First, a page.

From an early age, men more than women, seem to be obsessed by fire.  Criminal profilers confirm that 90% of all arsonists are male.  Many of these unfortunates use fire to act out unfulfilled aggression and power. Most women would agree with this prognosis as they watch their husbands, boyfriends and significant others yield to uncontrolled pyromania when afforded the opportunity to build a fire.

For men, there are essentially two types of fire starters the pyro-purists and the anxious arsons.  The “pyro-purist” believes a fire is like a slow kiss.   In the pyro-purist world, initial sparks should come from a flint and steel, flicked into a small hollowed log where it can be succored with gentle breath and fed like a baby chick — nurtured with small combustible pieces of cotton and rotted wood chips.  The purist is certain that in a past life he was an explorer or mountain man.  Near the fireplace are the tools of his trade – the building blocks of combustion : tinder dry kindling, paper, sticks and bone dry branches.  For this hearty pioneer, each fire is like conceiving and rearing a child.  He must give it confidence.  It must be coaxed and led through its adolescence until it bursts into a mature blaze that is finally worthy of a log.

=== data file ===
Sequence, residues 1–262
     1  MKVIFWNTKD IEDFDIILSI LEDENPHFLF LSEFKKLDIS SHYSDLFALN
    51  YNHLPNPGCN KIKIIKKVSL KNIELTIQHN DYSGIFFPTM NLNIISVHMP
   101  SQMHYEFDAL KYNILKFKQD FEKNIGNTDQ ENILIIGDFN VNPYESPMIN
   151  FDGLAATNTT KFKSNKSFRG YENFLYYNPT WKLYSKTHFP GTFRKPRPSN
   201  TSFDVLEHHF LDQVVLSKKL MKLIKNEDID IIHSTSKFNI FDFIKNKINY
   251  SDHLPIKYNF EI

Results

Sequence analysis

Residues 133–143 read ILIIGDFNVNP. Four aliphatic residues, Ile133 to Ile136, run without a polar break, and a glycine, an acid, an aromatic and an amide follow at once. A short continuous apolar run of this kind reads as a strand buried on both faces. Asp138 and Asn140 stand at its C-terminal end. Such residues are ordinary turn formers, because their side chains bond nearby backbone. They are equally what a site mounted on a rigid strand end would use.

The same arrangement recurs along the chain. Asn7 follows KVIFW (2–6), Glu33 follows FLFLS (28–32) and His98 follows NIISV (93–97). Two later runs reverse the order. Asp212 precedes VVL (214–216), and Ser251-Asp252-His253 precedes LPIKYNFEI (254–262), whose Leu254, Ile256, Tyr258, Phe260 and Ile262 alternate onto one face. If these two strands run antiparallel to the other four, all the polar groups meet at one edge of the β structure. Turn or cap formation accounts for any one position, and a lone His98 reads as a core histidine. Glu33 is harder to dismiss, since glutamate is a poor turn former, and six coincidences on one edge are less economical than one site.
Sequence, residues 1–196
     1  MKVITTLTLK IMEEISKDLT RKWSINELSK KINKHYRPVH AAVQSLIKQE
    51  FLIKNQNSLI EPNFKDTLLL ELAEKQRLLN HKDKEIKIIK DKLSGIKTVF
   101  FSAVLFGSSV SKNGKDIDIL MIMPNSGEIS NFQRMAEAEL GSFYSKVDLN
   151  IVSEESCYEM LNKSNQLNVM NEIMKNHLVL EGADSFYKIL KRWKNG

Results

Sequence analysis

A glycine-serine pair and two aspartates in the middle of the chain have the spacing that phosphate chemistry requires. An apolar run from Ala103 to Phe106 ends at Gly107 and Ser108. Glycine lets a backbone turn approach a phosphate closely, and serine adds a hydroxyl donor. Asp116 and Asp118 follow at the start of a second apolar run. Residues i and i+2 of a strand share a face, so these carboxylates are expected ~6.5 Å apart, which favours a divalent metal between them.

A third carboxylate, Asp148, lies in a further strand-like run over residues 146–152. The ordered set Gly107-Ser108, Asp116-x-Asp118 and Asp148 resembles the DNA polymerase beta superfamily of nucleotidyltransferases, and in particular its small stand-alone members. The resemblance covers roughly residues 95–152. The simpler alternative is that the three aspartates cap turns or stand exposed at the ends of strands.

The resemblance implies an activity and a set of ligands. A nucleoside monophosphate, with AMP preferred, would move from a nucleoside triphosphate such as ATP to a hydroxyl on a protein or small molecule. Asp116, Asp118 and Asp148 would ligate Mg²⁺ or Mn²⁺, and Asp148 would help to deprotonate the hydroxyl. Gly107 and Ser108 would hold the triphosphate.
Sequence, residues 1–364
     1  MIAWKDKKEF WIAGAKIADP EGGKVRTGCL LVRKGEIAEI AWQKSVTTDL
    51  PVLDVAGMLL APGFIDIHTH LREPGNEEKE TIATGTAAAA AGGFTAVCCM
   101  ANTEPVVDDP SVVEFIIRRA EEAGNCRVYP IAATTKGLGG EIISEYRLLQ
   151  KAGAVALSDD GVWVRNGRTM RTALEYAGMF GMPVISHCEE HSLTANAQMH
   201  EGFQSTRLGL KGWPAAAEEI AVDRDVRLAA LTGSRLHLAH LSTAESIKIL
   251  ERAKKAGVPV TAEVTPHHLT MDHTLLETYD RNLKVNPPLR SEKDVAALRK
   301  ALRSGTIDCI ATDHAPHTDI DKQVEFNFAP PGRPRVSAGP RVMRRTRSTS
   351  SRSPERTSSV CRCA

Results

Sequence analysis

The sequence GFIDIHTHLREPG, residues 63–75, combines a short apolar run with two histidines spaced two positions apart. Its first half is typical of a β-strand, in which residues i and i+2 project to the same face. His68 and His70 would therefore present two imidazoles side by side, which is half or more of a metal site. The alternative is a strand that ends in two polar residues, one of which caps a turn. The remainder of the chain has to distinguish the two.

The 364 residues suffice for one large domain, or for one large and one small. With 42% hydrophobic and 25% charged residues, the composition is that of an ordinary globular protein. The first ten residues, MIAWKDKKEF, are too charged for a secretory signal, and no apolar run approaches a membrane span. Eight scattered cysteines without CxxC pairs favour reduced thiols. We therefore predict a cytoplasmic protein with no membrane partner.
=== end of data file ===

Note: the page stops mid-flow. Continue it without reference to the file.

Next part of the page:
The purist knows that the finest fires come from a slow, even burn – a fire that throws off extreme heat with only a wisp of light smoke.  These glowing works of art can only be achieved from hardwoods – ash, oak, hickory, dogwood and almond wood.  Each type of wood is like an exotic coffee throwing off its own unique aroma and flavor with earthy rich smoke and even fragrant burns. If you are hosting an outdoor party, perhaps a split pinion pine with its deep resins and occasional pops and crackles might be in order.  An intimate dinner for two requires a cedar, which offers a heat that slowly builds and throws off a seductive aroma.